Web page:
Early models fulfilled the process of image quality that approached that of an SLR in a smaller form factor, but suffered from slow autofocus and limited burst shooting. Those days are, for the most part, over. Entry-level models can still be a little pokey in terms of focus, but as soon as you get into the midrange you’ll find that many models match or exceed SLRs in focus speed, especially when it comes to video. Because of their slim design, these cameras give you the option of buying modern native lenses or mounting older SLR and rangefinder lenses via a simple adapter.
The first models to hit the market were part of the Micro Four Thirds system, a mount and lens system that’s shared by Olympus and Panasonic cameras. Those were sooned joined by Sony and Samsung, and later by Pentax, Fujifilm, and Nikon—and each of those companies uses its own proprietary lens system. Missing from the list is the brand that is synonymous with cameras in many minds, Canon. Its EOS M debuted to a cool reception in the US. Canon still sells its mirrorless system in other countries (the EOS M3 is the latest iteration), but not in the States.
Because development of these systems has not been tied to legacy systems that are built around 35mm film, sensor sizes vary. Pentax builds mirrorless cameras like the Q-S1 with 1/1.7-inch image sensors, the same size as you’ll find in better point-and-shoot cameras. The Nikon 1 and Samsung NX Mini systems use 1-inch image sensors, which are a bit larger but still pretty small when compared to sensors that you’ll find in D-SLRs.
The Micro Four Thirds system is next up in size. If you want to get an idea of how the field of view of Micro Four Thirds lenses compares with 35mm film, you’ll want to double the focal length; a 25mm lens on a Micro Four Thirds camera matches the field of view of a 50mm lens on a full-frame D-SLR. The sensor aspect ratio is also different—it’s 4:3, like an old TV, rather than the 3:2 ratio of APS-C and full-frame systems.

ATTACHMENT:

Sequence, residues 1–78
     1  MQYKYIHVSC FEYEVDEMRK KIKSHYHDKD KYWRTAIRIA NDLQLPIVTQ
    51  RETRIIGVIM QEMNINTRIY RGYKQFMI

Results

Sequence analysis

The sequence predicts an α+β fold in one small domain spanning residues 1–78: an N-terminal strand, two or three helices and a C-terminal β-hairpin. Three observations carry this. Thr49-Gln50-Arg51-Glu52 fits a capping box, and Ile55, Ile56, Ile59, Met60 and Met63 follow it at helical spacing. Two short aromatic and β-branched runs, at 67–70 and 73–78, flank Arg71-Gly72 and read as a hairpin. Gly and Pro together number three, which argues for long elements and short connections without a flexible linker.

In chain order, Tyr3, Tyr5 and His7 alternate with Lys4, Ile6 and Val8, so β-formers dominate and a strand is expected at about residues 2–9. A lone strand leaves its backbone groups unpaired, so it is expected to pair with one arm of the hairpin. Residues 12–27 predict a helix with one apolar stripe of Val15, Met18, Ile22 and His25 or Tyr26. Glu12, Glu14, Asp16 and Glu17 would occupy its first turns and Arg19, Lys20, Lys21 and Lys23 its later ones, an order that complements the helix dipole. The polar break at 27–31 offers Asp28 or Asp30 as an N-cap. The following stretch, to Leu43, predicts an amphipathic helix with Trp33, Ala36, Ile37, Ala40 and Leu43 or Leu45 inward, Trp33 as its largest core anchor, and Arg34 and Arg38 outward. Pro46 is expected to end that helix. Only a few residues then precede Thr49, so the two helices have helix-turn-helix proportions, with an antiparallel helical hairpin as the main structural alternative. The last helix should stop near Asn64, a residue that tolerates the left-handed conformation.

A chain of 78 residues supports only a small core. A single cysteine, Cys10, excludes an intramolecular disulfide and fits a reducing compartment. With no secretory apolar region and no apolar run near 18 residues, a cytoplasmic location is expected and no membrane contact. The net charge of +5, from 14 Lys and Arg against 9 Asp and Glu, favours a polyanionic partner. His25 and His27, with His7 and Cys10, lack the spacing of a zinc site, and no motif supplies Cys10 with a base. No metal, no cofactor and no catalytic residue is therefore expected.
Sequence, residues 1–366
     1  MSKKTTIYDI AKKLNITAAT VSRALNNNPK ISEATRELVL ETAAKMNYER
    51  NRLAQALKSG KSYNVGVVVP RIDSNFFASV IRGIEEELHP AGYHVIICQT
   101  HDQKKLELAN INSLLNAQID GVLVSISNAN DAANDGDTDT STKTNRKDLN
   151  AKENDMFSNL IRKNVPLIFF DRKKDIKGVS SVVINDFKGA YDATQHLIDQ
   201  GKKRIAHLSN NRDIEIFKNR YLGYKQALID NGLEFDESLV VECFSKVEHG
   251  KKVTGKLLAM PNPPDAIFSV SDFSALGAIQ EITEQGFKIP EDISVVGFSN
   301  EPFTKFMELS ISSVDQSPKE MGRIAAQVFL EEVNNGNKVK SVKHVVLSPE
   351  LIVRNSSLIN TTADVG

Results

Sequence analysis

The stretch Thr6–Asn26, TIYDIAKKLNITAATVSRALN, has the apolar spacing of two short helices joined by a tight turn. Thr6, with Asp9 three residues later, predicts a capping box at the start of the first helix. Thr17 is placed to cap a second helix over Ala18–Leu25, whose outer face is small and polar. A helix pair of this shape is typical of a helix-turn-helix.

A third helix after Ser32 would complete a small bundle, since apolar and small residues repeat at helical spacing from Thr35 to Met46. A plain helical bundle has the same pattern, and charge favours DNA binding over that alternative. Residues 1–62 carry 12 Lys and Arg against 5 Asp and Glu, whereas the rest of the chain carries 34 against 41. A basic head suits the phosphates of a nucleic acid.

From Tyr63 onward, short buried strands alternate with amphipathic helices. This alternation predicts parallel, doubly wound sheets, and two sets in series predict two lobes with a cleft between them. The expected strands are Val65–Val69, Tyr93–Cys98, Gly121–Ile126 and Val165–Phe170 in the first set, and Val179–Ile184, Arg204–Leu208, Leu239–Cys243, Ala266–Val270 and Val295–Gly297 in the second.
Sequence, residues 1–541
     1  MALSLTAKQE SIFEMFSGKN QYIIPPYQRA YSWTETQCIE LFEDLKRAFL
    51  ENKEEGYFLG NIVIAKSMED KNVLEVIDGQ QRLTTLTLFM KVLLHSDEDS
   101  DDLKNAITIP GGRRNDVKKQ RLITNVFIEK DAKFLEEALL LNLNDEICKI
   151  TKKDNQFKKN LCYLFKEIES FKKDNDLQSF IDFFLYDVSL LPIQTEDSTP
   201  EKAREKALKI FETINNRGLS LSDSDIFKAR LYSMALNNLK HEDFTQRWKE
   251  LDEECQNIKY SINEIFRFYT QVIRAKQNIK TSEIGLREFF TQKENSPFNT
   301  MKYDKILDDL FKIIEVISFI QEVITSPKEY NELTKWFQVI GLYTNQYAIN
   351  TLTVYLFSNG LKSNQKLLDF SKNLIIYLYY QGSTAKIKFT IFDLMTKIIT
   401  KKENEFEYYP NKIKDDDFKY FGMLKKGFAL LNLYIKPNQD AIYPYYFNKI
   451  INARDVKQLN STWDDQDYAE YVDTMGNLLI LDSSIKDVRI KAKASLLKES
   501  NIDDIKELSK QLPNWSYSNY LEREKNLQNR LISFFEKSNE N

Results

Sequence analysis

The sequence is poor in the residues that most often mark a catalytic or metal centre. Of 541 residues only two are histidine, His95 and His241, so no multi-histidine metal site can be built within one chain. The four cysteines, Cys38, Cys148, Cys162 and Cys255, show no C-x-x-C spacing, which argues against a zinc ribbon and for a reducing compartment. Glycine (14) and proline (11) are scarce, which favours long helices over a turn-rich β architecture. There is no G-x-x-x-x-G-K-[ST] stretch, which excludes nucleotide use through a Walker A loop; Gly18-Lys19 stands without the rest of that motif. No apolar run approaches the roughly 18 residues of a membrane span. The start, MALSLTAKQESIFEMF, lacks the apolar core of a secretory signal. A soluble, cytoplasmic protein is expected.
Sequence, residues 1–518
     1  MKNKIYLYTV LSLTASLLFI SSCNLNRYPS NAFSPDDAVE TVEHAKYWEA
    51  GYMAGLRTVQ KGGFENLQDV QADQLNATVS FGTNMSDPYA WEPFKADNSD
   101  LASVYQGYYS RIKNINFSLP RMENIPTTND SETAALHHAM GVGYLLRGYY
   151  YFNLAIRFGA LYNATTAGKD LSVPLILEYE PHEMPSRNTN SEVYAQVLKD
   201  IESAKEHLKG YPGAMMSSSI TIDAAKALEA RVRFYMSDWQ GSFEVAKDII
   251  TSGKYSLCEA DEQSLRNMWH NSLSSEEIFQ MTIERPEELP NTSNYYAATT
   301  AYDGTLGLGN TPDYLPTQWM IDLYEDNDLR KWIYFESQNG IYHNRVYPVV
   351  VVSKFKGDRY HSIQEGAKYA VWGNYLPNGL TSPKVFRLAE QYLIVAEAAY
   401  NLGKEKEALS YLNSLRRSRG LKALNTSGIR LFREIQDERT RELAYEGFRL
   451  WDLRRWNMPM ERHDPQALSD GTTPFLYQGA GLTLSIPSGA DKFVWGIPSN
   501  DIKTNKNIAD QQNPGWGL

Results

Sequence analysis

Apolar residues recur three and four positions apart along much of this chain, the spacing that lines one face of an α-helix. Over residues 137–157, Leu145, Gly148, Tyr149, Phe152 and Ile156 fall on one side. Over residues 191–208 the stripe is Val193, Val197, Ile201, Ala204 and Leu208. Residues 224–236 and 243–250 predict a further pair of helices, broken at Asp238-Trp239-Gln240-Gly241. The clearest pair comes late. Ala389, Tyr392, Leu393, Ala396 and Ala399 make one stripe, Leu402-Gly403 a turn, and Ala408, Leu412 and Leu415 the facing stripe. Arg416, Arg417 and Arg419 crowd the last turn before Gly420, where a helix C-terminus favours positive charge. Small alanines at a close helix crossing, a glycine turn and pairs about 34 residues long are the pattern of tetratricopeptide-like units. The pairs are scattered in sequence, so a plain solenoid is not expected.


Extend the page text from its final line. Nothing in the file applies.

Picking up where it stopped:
Like most consumer D-SLRs, systems like the Fujifilm X, Leica T, Sony E, Samsung NX, and Canon EOS M use APS-C image sensors. They enjoy a 1.5x multiplication factor compared with full-frame cameras, a figure that anyone who has shopped for an APS-C D-SLR is familiar with.
Sony is the only company producing autofocusing mirrorless cameras with full-frame image sensor. Its Alpha 7 series currently consists of four models. They use the same physical lens mount as APS-C Sony bodies, and if you mount a lens that’s designed for an APS-C Sony body the image will automatically be cropped to compensate for the smaller field of view produced by the lens.
We make the autofocus distinction with Sony because Leica’s M system of full-frame rangefinder cameras fits the mirrorless bill as well. M rangefinder cameras have been around longer than most SLR mounts, for more than 60 years, and have long utilized a fixed optical viewfinder with an optical rangefinder to focus and frame shots. The latest digital iteration, the M (Typ 240), adds Live View and video recording, but in many ways it still handles like a camera from the 1960s. Old school shooters appreciate that.